Depending on the clauses, contracts can be your worst enemy or your savior.
Today I pose a very important question to you. Do your participation contracts that you sign with Medicare/Medicaid, managed care organizations (MCOs), and Medicare Administrative Contractors (MACs) – do they even matter? Are these boilerplate contracts worth the ink and the paper upon which they written?
The answer is yes and no.
To the extent that the contracts are aligned with applicable federal and state regulations, they are enforceable. To the extent that the contracts violate federal regulations, those clauses are unenforceable. The contracts can even, at times, be more stringent or contain more limitations than the federal regulations. One thing is for sure: these contracts can be your worst enemy or your savior, depending on the clauses.
An Idaho client provider of mine has been the victim of Optum “black hole-ism.” In this case, a contract provision will save my client from paying $500,000 it does not owe.
My client is the leading substance abuse mitigation provider in Idaho. Optum is managing Medicaid dollars, which makes it the agent of the “single state agency,” the Department of Health of Idaho, pursuant to 42 C.F.R. 431.10.
The Optum provider contract states that “it is agreed that the parties knowingly and voluntarily waive any right to a dispute if arbitration is not initiated within one year after the dispute date.” What a great clause. If only all contracts had this limiting clause.
In our dispute, as noted, Optum argues we owe $500,000. The first demand we received was dated December 2018, for dates of service (DOS) in 2016 and 2017. Notice that Optum was timely back in 2018. That was when the client hired my team, and we submitted a rebuttal and initiated the informal appeal to Optum.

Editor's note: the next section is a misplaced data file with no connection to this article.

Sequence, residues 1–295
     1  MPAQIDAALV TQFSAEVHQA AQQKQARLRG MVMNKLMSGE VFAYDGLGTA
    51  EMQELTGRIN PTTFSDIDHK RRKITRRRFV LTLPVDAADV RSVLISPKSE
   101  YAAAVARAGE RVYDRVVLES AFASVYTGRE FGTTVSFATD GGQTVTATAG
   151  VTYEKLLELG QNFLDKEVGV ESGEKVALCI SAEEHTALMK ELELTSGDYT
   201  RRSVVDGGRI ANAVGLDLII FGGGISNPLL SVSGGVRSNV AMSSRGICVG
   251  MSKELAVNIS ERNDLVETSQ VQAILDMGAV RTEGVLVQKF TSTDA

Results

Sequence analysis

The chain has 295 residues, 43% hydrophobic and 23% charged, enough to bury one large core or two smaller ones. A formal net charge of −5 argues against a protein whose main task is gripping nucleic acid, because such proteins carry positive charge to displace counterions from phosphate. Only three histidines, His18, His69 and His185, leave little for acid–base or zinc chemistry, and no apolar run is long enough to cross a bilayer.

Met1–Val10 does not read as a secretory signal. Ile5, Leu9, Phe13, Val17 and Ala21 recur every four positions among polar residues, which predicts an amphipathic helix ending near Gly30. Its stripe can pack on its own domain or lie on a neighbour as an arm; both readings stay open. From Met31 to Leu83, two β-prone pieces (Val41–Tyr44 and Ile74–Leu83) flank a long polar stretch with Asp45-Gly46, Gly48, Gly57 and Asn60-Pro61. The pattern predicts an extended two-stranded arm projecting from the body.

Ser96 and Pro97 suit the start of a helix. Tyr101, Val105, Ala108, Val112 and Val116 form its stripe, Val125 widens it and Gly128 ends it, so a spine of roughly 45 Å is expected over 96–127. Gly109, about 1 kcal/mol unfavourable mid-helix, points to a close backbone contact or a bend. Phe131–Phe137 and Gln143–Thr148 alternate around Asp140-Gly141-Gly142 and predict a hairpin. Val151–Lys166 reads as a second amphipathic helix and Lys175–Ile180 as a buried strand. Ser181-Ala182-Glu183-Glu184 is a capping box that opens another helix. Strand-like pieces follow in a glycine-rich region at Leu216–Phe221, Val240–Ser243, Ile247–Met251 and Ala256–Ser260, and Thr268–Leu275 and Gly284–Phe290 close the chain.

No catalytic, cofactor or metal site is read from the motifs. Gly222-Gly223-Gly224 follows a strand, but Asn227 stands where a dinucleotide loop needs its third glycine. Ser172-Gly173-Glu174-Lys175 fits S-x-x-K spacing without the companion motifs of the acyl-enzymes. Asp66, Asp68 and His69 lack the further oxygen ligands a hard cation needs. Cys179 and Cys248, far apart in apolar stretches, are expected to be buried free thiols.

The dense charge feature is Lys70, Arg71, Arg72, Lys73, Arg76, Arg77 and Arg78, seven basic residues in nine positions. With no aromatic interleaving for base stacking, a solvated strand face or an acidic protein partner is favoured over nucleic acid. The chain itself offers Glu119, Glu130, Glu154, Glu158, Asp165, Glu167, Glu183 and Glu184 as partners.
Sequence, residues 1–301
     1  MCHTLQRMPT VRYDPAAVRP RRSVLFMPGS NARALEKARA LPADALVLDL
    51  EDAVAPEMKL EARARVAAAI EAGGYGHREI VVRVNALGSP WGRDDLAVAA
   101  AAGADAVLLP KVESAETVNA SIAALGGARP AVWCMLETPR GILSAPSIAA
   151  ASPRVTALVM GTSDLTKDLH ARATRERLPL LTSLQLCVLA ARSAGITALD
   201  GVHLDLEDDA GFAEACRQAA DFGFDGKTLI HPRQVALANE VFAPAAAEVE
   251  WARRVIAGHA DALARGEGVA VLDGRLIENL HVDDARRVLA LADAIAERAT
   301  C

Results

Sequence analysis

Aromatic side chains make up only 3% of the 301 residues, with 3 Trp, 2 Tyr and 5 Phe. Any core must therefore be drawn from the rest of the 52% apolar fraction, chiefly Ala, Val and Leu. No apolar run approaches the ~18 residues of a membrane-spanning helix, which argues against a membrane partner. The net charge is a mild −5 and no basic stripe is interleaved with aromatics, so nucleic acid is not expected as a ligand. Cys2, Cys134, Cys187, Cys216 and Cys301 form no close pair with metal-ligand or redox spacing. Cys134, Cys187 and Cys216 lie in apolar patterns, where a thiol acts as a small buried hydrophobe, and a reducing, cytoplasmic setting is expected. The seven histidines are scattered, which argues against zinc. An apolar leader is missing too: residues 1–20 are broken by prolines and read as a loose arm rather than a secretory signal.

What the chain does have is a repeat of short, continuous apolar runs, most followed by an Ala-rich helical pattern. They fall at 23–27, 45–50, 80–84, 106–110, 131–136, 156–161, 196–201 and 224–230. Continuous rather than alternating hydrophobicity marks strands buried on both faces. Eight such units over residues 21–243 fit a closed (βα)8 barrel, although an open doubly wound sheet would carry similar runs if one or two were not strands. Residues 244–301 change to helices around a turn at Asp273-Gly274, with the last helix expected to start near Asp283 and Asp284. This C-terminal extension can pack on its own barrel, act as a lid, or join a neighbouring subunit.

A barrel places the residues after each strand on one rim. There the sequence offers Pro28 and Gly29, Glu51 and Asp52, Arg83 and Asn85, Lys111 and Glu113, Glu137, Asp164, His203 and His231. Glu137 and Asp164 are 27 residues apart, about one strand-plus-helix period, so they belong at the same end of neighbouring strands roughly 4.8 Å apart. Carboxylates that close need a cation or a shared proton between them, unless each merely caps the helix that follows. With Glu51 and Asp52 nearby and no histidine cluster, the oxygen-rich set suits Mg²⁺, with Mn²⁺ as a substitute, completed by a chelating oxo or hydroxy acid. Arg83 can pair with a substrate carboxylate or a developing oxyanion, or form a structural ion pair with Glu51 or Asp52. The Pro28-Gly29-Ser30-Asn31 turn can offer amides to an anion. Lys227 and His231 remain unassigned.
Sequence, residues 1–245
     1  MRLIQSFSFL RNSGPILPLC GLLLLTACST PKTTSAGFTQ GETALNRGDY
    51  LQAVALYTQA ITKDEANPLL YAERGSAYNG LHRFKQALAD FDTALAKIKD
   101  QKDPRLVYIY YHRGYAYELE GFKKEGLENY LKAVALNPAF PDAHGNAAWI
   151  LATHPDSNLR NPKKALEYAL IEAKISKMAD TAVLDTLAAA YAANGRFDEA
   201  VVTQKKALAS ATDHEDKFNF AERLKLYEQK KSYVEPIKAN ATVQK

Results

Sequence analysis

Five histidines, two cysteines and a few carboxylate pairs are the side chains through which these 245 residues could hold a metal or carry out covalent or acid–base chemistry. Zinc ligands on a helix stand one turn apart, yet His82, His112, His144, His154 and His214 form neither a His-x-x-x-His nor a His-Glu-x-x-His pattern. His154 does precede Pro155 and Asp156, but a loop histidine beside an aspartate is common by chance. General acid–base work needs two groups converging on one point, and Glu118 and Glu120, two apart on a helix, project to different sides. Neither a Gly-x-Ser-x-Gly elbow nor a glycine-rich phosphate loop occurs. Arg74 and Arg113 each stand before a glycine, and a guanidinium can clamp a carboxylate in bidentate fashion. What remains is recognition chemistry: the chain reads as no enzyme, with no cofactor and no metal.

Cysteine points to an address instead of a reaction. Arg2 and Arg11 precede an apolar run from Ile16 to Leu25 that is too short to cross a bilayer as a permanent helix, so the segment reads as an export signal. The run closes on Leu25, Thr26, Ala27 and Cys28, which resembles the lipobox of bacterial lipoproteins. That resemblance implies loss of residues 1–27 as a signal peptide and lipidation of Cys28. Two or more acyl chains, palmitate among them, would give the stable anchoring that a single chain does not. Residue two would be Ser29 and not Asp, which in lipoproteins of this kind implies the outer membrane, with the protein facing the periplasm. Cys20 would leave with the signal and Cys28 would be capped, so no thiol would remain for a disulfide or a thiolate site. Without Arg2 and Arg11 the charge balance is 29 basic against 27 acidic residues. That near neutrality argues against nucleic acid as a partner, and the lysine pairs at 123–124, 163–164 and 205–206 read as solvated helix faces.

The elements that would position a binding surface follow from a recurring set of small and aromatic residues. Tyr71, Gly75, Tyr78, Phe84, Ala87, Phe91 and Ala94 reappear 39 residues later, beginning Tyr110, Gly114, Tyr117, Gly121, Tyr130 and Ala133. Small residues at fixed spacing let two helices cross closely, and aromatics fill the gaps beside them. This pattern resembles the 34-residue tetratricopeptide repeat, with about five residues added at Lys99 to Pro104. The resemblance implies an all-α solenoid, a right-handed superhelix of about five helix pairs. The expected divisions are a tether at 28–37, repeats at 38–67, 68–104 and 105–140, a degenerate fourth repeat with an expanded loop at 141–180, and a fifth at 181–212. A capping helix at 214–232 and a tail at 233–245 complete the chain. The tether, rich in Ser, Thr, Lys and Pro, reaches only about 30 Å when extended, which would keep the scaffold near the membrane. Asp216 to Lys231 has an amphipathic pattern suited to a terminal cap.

Here was where Optum got sloppy. Months passed. A year passed. I hear crickets in the background. A year and a half passed. Who knows why Optum took a year and a half to respond? COVID happened. Was it bureaucracy and red tape? Apathy? Ineptness?
Finally, we get a response in September 2020. We respond in October 2020. Our new response included a novel argument that was not included in the 2018 rebuttal. Our argument went something like: “you’re too late, per section 7.1 of the Optum contract.” If we could have included a raspberry, we would done so.
Remember the clause? “It is agreed that the parties knowingly and voluntarily waive any right to a dispute if arbitration is not initiated within one year after the dispute date.”
Well, 2020 is 3-4 years after the initial DOS at issue: 2016-2017. This time, the boilerplate contract was our friend.
Since there is also an arbitration clause, which is not your friend, we will be wholly dependent on an arbitrator to interpret the one-year limiting clause in a logical, reasonable fashion. But I will be shocked if even an arbitrator doesn’t throw out this case with prejudice.